Ambassador Kelly Craft
U.S. Mission to the United Nations
New York, New York
October 6, 2020
Thank you very much. And thank you, Special Representative Zerrougui, for your briefing today. I’d like to express my appreciation to Ambassador Abarry for your update on the status of the important work of the DRC sanctions committee.
The United States is deeply troubled by rising levels of violence in North Kivu, South Kivu, and Ituri, which were characterized by clashes between armed groups; tit-for-tat militia attacks against civilians, including many women and children; and the Allied Democratic Forces’ continued brutal campaign. We must use all tools at hand to work toward the peaceful resolution of historic drivers of conflict and an end to impunity.
This is a policy priority for the United States. Our Ambassador to Kinshasa, Mike Hammer, traveled to North and South Kivu last week to meet with key officials and civil society to assess how the U.S.-Congolese partnership can benefit local people.
With more than 1,300 civilians killed by attacks in the first half of 2020 alone, it is clear MONUSCO would benefit from additional operational support. The United States supports the UN’s efforts to add three new Quick Reaction Force units to the Force Intervention Brigade, also known as the FIB. These new units, together with the increase in the number of military staff officers and new intelligence capabilities, will equip the mission to more effectively counter the threats that have increased the devastating death toll in the DRC this year.
As President Tshisekedi said during his remarks to the UN General Assembly last month, boosting the FIB’s operational capacity can help to stop asymmetric attacks on Congolese civilians living in insecurity for more than two decades now. Two decades too long.
We also welcome the president’s call for increased efforts by international actors to dismantle armed group networks. As just outlined by Ambassador Abarry, we remind all armed group actors and their business associates that UN 1533 sanctions remain in place. We view appropriate, targeted, and effective sanctions as an essential tool against actors and entities that undermine the peace and security of the DRC.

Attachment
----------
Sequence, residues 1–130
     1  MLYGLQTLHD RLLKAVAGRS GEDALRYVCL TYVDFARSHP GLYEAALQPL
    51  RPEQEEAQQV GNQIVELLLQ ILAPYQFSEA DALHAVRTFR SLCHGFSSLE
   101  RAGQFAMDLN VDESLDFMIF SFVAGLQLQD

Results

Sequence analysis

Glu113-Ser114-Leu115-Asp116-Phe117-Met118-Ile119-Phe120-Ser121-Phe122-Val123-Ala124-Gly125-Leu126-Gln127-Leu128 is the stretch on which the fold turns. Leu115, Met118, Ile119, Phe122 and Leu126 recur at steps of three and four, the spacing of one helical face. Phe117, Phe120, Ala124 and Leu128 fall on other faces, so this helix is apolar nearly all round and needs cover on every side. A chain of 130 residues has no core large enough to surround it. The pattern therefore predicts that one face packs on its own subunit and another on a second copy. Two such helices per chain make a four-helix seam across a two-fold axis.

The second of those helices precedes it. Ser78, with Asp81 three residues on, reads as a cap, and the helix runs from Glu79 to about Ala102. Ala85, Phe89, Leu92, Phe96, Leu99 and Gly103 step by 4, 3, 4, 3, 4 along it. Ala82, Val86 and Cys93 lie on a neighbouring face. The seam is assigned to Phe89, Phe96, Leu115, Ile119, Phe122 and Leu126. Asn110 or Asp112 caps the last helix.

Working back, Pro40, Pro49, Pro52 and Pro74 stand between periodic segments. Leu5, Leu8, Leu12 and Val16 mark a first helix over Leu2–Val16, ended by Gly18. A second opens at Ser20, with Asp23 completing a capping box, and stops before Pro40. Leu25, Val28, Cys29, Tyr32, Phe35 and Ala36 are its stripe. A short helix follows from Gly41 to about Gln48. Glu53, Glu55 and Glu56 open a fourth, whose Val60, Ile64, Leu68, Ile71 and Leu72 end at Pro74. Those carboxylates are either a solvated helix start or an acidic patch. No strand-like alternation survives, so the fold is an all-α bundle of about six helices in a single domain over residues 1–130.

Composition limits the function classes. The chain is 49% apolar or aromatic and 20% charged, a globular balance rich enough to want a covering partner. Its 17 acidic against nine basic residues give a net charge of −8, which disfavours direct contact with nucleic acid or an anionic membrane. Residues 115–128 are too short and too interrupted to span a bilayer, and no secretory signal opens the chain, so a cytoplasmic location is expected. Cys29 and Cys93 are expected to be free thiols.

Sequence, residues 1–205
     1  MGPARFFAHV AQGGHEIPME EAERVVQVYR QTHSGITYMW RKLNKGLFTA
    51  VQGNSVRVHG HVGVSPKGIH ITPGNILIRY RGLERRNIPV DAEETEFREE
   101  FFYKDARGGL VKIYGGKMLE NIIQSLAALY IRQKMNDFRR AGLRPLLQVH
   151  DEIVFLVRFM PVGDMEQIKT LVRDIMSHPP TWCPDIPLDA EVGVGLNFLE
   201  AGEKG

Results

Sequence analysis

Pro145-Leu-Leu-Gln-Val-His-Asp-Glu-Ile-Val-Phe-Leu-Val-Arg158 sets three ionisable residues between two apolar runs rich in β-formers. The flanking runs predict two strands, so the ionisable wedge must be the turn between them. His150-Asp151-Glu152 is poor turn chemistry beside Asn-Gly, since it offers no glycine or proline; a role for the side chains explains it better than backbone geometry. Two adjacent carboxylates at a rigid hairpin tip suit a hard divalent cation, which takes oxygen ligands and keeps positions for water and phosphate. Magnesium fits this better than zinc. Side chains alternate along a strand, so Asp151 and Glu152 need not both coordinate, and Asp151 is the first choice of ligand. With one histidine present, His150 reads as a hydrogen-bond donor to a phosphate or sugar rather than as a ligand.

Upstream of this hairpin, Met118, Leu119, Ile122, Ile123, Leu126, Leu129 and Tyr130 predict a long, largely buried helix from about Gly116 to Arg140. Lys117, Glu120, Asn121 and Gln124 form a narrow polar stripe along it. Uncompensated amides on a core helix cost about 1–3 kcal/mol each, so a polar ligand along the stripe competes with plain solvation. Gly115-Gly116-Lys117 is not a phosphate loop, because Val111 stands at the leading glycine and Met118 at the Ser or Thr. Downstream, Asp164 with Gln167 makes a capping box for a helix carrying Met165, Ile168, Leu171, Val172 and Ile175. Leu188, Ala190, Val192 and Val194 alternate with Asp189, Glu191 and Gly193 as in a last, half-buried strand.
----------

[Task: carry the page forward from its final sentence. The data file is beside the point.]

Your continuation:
The path to sustainable peace will require political solutions to localized conflicts, as well as improved governance. We were encouraged by the initial surrender of more than 450 NDCR fighters in August, and would urge more progress on the government’s disarmament, demobilization, and reintegration of FRPI armed group.
But sustainable peace can only take root when accompanied with broader political and economic reforms. To this end, we applaud the DRC government for the steps it has taken to improve governance and human rights, fight impunity, and stop trafficking in persons and child soldier recruitment. We hope to see progress in decreasing the number of human rights violations committed by state security forces and increased prosecutions of both state and armed group actors for human rights violations and abuses. We also urge more accountability for those with command responsibility, as well as the improved prevention of sexual violence in conflict and stronger support and protection for survivors.
We also congratulate President Tshisekedi for taking steps to professionalize the Congolese military by appointing new leadership this summer, as well as for appointing the first woman Constitutional Court judge and a new director of the DRC financial investigation unit. While there is a long road ahead to sustain these gains, we think it is important to recognize progress to date.
With that in mind, we are very concerned about the recent allegations of widespread sexual exploitation and abuse by personnel who claimed to be employed by international organizations and private relief agencies in North Kivu as part of the Ebola response. The United States takes these alleged incidents very seriously and calls upon the organizations and agencies involved to conduct a thorough investigation and hold offenders accountable. The United States will continue to work with the UN to develop programs and capabilities to conduct thorough investigations and prosecutions of these crimes.
We remain concerned about similar allegations against MONUSCO peacekeepers and civilians, which continues to have the second highest number of allegations of sexual exploitation and abuse of all missions. We urge all troop- and police-contributing countries to enforce the UN’s zero-tolerance policy and to swiftly and credibly address criminal allegations. We urge MONUSCO and the UN to take prevention seriously, including by repatriating contingents that display a pattern of abusive behavior.
Finally, as requested in the mandate adopted last December, we look forward to receiving later this month a joint exit strategy with measurable benchmarks for progressively transferring MONUSCO’s tasks to the Congolese authorities, the UN Country Team and other stakeholders, with the goal of achieving a responsible exit of MONUSCO in the coming years.